The term 'casual review' itself is an abomination. It is basically a euphemism for "crap review". The word 'casual' itself is fundamentally antithetical to very concept of criticism, which thrives on analysis based on expertise. There's nothing "casual" about analysis and expertise -- and the deeper the analysis, the more valuable the review. And valuable to ALL, not simply to the few experts who will understand everything right away. Valuable also to the others, who will only partly understand what they just read, and who will therefore be given the opportunity to learn more, and grow as, and become more sophisticated music, book, film, or videogame lovers. When I read one of Kael's reviews, for example, and she namedrops half a dozen movies I have never even heard of, all of which were made decades before I was even born, my reaction is not "Meh, I've never heard of these films, I don't understand everything she is saying, so I'll just stop reading her reviews and go read some user reviews on Amazon". For fuck's sakes man -- I read her reviews exactly because I've never heard of the movies she keeps namedropping! How else am I going to find out about them? By randomly watching movies I found linked on Wikipedia? There are tens of thousands of them! Kael watched two dozen movies a week for like thirty years -- most of them trash -- so that me and you wouldn't have to. She watched them to make some sense out of them, to evaluate them, to pick the best, explain why they are the best -- set the very standards of what people even called best! -- chronicle the development and evolution of the medium, and serve everything to us on a silver platter.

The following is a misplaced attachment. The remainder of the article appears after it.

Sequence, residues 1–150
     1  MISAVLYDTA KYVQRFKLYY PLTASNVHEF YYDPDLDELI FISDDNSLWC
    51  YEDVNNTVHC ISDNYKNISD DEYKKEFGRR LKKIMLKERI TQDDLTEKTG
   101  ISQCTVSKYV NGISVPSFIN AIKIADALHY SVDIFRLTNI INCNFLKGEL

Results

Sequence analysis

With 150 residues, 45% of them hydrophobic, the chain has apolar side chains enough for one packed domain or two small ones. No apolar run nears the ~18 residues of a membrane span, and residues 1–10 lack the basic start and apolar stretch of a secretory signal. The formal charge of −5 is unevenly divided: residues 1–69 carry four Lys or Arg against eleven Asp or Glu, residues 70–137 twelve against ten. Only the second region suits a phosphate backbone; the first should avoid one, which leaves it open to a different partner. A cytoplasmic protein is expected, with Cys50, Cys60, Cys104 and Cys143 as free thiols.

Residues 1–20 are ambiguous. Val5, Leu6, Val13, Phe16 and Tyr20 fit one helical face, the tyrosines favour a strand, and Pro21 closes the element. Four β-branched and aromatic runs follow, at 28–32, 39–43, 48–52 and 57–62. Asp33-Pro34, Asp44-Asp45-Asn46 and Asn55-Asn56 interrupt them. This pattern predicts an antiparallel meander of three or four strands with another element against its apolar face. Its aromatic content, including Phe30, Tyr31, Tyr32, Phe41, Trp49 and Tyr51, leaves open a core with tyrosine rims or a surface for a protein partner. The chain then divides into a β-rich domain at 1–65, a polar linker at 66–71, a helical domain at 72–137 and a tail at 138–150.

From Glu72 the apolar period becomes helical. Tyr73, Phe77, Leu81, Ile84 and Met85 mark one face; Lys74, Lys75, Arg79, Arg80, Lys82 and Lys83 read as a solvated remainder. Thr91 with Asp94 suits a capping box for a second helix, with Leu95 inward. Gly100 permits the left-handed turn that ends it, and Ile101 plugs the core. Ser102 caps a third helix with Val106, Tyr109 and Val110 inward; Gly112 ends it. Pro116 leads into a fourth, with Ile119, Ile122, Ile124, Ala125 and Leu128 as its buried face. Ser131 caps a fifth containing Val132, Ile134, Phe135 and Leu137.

A great review sits comfortably above and beyond your understanding, beckoning you seductively to previously unexplored heights of taste and appreciation. This is after all, why people seek out critics -- to help them appreciate to a deeper level whatever it is they specialize in. And the deeper the level, the more useful the review. That's why I am saying that a so-called "casual review" is worthless even to the casual gamer: he has nothing to learn from it that a friend or Wikipedia could not have told him. Make no mistake: No one chooses to write a casual review -- people write such reviews because they can do no better.

So no, we won't be dumbing down our reviews on this site any time soon. There are enough dumb review sites out there as it is -- the internet should be able to tolerate a single one that treats players as intelligent adults. And if anything, we plan to keep increasing the level of complexity of our analysis as far as it will go, to the point where only a handful of experts will be able to understand wtf we are talking about. And once we reach that stage we'll go back and rewrite all our old reviews, to be similarly incomprehensible. And yes, I realize how ridiculous this statement may sound to some, especially in the context of videogame reviews. But there's a very good reason I am going to such extremes, and I hope you got it.